Engine Systems Laboratory, Kyushu University
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Enhancement of Ignition and Burning Rate of Lean Mixtures by Pulsed Flame Jet (PFJ)
In internal combustion engines, lean-burn is particularly attractive for minimizing pollutant emissions, in particular NOx, with a concomitant improvement in fuel economy. For combustion in lean fuel-air mixtures, achievement of adequate reliability of ignition and sufficiently high burning rate requires special devices. The most effective among them is the injection of active radicals by means of PFJ (Pulsed Flame Jet) ignition system. The PFJ igniter is of the same size and shape as the conventional spark plug, and it contains a small cavity and an orifice as shown in Fig. 1. The fuel injector is connected to the cavity via a check valve, an insulator, and a hollow electrode (1.5 mm inner diam.). The latter is sealed at the end and the mixture is admitted into the cavity by two inlet ports (each 1.0 mm in diam.). Rich fuel-air mixture, the equivalence ratio of which is around 1.5, is introduced into the cavity by the fuel injector at an overpressure of 0.1 MPa and ignited in the cavity by spark discharge from a conventional automotive ignition circuit between the hollow electrode and the orifice plate. Thus a jet of incomplete combustion products is issued from the orifice to form a turbulent jet plume consisting of large scale vortex structures where the process of combustion in the combustion chamber is initiated (Figs. 2, 3, and 4).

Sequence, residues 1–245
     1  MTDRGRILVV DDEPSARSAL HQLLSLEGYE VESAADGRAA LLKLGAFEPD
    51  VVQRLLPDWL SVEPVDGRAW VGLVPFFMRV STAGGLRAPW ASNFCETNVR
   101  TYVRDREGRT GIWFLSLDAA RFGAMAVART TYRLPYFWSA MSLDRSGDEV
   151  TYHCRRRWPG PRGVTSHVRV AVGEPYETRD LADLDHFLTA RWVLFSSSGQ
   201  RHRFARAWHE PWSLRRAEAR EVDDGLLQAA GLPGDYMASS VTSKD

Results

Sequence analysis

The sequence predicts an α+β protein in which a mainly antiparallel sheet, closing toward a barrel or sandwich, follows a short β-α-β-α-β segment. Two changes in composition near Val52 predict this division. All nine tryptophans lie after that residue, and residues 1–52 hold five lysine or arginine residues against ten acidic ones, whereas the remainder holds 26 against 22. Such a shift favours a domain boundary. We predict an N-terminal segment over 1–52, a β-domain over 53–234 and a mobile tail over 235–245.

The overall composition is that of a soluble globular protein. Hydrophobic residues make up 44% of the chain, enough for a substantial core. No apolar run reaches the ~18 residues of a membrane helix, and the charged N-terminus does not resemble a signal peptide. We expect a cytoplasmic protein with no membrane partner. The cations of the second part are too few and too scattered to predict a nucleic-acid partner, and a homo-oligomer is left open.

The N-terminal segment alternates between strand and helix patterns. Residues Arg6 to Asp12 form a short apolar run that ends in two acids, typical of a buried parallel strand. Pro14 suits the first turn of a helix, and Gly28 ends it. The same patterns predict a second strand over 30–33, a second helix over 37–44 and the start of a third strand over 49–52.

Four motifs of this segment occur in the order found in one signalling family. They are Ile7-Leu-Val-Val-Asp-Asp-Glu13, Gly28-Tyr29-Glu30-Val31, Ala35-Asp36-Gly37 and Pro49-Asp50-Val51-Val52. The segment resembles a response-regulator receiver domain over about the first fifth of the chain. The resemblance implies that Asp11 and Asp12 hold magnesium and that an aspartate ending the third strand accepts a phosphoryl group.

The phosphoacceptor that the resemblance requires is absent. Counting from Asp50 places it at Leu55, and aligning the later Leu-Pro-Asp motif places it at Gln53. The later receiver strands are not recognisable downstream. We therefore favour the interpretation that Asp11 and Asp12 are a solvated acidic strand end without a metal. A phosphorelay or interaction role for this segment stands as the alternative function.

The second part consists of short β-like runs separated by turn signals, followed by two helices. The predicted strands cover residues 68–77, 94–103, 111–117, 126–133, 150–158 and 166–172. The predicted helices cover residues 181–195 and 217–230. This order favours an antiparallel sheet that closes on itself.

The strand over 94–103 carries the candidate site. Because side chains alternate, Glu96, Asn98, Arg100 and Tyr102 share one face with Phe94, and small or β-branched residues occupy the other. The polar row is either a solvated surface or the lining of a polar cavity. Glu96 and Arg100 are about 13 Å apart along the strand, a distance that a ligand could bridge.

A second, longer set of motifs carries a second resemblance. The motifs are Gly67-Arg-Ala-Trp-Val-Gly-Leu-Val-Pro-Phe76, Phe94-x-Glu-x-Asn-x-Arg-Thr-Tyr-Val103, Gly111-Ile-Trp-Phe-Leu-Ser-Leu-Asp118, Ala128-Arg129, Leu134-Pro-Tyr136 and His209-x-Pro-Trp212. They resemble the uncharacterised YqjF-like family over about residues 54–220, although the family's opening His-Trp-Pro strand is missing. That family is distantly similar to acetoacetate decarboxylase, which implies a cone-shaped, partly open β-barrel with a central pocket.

Normal spark ignition

By PFJ, Vp = 170 mm3, d = 2.5 mm

By PFJ, Vp = 170 mm3, d = 4.0 mm

Fig. 3 Schlieren records of combustion in methane-air mixture, f = 0.8
from left: 1, 3, 5, 7, 9 ms after spark discharge

By PFJ, Vp = 170 mm3, d = 2.5 mm

By PFJ, Vp = 340 mm3, d = 2.5 mm

Fig. 4 PLIF images of OH, viewed region: 36mm * 44 mm, methane-air mixture, f = 0.8
from left: 0.4, 0.6, 0.8, 1.0, 1.5, 3.0, 4.5 ms after spark discharge